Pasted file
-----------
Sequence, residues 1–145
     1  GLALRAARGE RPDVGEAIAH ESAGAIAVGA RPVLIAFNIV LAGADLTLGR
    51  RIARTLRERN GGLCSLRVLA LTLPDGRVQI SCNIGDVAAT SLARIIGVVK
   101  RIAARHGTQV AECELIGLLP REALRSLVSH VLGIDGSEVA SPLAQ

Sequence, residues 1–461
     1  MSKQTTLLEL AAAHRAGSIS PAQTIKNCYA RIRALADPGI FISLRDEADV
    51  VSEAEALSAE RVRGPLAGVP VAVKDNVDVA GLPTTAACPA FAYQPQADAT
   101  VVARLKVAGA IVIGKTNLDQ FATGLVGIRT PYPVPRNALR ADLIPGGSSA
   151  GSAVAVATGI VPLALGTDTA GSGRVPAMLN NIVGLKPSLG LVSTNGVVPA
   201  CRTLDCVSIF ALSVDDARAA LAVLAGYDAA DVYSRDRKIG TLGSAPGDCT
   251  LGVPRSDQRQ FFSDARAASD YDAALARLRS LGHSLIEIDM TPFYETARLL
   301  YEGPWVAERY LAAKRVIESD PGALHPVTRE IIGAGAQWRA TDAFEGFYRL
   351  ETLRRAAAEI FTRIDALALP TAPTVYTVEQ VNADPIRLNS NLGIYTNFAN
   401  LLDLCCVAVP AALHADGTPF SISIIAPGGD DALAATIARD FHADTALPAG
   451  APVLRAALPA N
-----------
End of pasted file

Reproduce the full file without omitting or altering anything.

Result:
Sequence, residues 1–145
     1  GLALRAARGE RPDVGEAIAH ESAGAIAVGA RPVLIAFNIV LAGADLTLGR
    51  RIARTLRERN GGLCSLRVLA LTLPDGRVQI SCNIGDVAAT SLARIIGVVK
   101  RIAARHGTQV AECELIGLLP REALRSLVSH VLGIDGSEVA SPLAQ

Sequence, residues 1–461
     1  MSKQTTLLEL AAAHRAGSIS PAQTIKNCYA RIRALADPGI FISLRDEADV
    51  VSEAEALSAE RVRGPLAGVP VAVKDNVDVA GLPTTAACPA FAYQPQADAT
   101  VVARLKVAGA IVIGKTNLDQ FATGLVGIRT PYPVPRNALR ADLIPGGSSA
   151  GSAVAVATGI VPLALGTDTA GSGRVPAMLN NIVGLKPSLG LVSTNGVVPA
   201  CRTLDCVSIF ALSVDDARAA LAVLAGYDAA DVYSRDRKIG TLGSAPGDCT
   251  LGVPRSDQRQ FFSDARAASD YDAALARLRS LGHSLIEIDM TPFYETARLL
   301  YEGPWVAERY LAAKRVIESD PGALHPVTRE IIGAGAQWRA TDAFEGFYRL
   351  ETLRRAAAEI FTRIDALALP TAPTVYTVEQ VNADPIRLNS NLGIYTNFAN
   401  LLDLCCVAVP AALHADGTPF SISIIAPGGD DALAATIARD FHADTALPAG
   451  APVLRAALPA N